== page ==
The barriers for transitions between N and I1 in our computed landscapes are somewhat smaller than those that were measured in the force spectroscopy experiments of Min et al. For example, under conditions where N is 6.5 kT more stable than I1, the barrier to unfolding was measured to be 21 kT by force spectroscopy, whereas the corresponding value in our computed landscape is 13 kT. Energetic quantities are expected to be less robust with respect to the parameterization of the simulation model than are the structural geometric quantities associated with folding transitions, such as the contact probabilities in transition states (i.e., ϕ-values) and end-to-end distance changes upon insertion and folding of helical hairpins. Although, we currently lack the detailed biophysical studies that would be necessary uniquely to determine optimal model parameters for the implicit membrane model, it is notable that we were unable to find any set of forcefield parameters that gave a free energy landscape that would be consistent with the two-stage picture of membrane protein folding. While developing the current implicit membrane model, all preliminary tests that we performed that involved increasing or decreasing the strength of individual energy terms by between 10 and 100% compared to the values given in the Methods section failed to produce a landscape having folded and unfolded states that were completely inserted into the membrane but that were nevertheless approximately equal in free energy and also separated by a significant barrier. The structural details of the folding and unfolding mechanisms shown in Figs. 14 appear to be largely determined both by the native structure of GlpG and by the presence of a bilayer. In the absence of more detailed measurements and careful calibration of simulation model parameters, obtaining quantitatively accurate barrier heights in the presence of bilayers, however, will apparently require a combination of experimentation and theory. Analyses both of the expectation values of the energy terms in the current forcefield and of the effects of perturbing the strengths of these terms on the free energy landscape are given in Supplementary Figures 2, 5 (see also Supplementary Note 2).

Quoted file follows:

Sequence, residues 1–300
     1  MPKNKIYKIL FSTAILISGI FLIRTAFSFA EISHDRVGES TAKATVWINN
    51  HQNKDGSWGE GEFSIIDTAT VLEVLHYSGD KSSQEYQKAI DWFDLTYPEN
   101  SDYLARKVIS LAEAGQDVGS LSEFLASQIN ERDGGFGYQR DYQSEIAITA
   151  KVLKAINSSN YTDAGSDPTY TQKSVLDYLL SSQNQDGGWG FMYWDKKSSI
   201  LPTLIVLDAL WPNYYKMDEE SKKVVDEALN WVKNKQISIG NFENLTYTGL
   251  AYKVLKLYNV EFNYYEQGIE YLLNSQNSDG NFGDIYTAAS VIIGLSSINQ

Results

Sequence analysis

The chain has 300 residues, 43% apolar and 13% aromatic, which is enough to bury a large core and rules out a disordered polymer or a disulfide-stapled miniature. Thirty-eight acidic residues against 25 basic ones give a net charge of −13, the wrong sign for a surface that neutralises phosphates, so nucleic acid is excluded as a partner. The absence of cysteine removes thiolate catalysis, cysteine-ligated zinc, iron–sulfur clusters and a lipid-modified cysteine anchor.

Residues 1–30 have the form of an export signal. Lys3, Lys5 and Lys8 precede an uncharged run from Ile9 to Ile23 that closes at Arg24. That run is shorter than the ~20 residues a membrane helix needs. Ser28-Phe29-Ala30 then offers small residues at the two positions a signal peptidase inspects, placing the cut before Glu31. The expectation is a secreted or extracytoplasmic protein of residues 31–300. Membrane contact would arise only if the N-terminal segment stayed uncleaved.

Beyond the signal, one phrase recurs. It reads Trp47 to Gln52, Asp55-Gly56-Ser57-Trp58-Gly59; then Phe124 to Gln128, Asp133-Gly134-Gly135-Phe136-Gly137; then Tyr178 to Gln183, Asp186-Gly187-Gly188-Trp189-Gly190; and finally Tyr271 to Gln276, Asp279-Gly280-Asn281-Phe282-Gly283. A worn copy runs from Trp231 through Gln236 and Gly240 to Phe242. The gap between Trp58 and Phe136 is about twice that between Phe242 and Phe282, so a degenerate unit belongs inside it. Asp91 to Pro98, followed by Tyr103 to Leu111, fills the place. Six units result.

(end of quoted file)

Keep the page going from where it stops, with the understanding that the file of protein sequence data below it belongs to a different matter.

Due to the high-kinetic stability of GlpG in a bicelle, in order to observe the unfolding of folded GlpG on reasonable timescales in the laboratory, the free energy of the transition state must be lowered significantly relative to that of the folded state. Because the transition state has an end-to-end distance that is close to that of the folded state (within 15 Å), a relatively large force must be applied. Applying this force has the effect of tilting the entire landscape and heavily favoring highly extended states in free energetic terms. We note that a back-of-the-envelope calculation suggests that a change in the applied force of 5 pN (the difference between the two force regimes used to measure folding and unfolding rates in the force spectroscopy experiments of Min et al.) is expected to change the relative free energy by 30 kT of two states that differ in extension by 250 Å (such as I1 and U) at 300 K. The largest value of the force that was used to measure refolding rates in the study by Min et al. was 7 pN. The lowest value of the force that was used to measure unfolding rates was 12 pN. We see on the basis of our back-of-the-envelope calculation that this seemingly small gap between the two force regimes that were employed gives rise to large changes in the relative free energy of near native states versus highly extended states. In particular, the highly extended states are expected to be quite high in free energy throughout the force range that was used to measure refolding rates, consistent with what we see in our computed free energy profiles. These considerations alone suggest that the unfolded state reached at high applied force would likely not be the same as the starting point for refolding at low force. The fact that the force spectroscopy measurements indicate that there is a large difference in the changes of the end-to-end distance during high force unfolding (>200 Å) and low force refolding (≈50 Å) means that there are structural differences between the unfolded state that is favored at high force and the unfolded state that is favored at low force. This fact raises the question, “Is the unfolded state favored at low force simply a more generically compact version of the unfolded state favored at high force, or can a specific partially folded structure account for this difference?” The answer to this question has important implications for the interpretation of the rates measured and stability inferred by force spectroscopy. In the current study, we have identified I1, the state with TM5–6 on the bilayer interface, as the starting point for refolding at low force. Our simulation results suggest that the thermodynamic stability inferred by experiment is, therefore, not the relative stability of the folded and completely unfolded states but, instead, reflects the relative stability of N and I1. According to the steric trapping experiments in detergent micelles11, the C-terminal half of GlpG indeed has a lower stability than the N-terminal half. The stability measured by force spectroscopy in bicelles (≈6.5 kT) is closer to the stability measured by steric trapping for the C-terminal half of GlpG (TM4–6, ΔG ≈ 8.0 kT) than for the N-terminal half (TM1–3, ΔG ≈ 9.8 kT). The stability of N with respect to U may be significantly higher than was initially inferred by force spectroscopy. The high-kinetic barrier separating N and I1, the origin of which was unclear within the two-stage picture of membrane protein folding, is now seen to be associated with the simultaneous insertion and folding of TM5–6 from the bilayer interface in the folding direction and the unfolding and extraction from the bilayer in the unfolding direction. GlpG has, in recent years, become a heavily studied model system of transmembrane protein folding and stability3,8,9,11,12,13,14. These studies have provided unprecedented detail regarding the folding of a transmembrane protein in a variety of conditions. Nonetheless, measuring membrane protein stability and determining detailed folding mechanisms in the presence of bilayers have remained major challenges. The results of the current study highlight the highly nontrivial nature of measuring membrane protein stability and folding mechanisms in bilayer-like environments. The broken translational and rotational symmetries and high-kinetic barriers induced by the presence of the bilayer support a multitude of potentially metastable partially folded states that reduce the cooperativity of folding and complicate the very definition of stability. In this case, only by reanalyzing sensitive single-molecule experiments in light of detailed simulations were we able to arrive at a satisfactory structural explanation for the striking character of the energy landscape inferred by experiment.